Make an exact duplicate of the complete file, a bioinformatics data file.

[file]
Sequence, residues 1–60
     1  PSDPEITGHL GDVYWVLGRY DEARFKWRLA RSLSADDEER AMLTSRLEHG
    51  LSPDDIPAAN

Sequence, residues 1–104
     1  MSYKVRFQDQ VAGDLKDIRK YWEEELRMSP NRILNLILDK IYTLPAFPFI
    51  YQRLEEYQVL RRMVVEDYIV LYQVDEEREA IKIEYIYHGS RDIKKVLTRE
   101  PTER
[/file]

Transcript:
Sequence, residues 1–60
     1  PSDPEITGHL GDVYWVLGRY DEARFKWRLA RSLSADDEER AMLTSRLEHG
    51  LSPDDIPAAN

Sequence, residues 1–104
     1  MSYKVRFQDQ VAGDLKDIRK YWEEELRMSP NRILNLILDK IYTLPAFPFI
    51  YQRLEEYQVL RRMVVEDYIV LYQVDEEREA IKIEYIYHGS RDIKKVLTRE
   101  PTER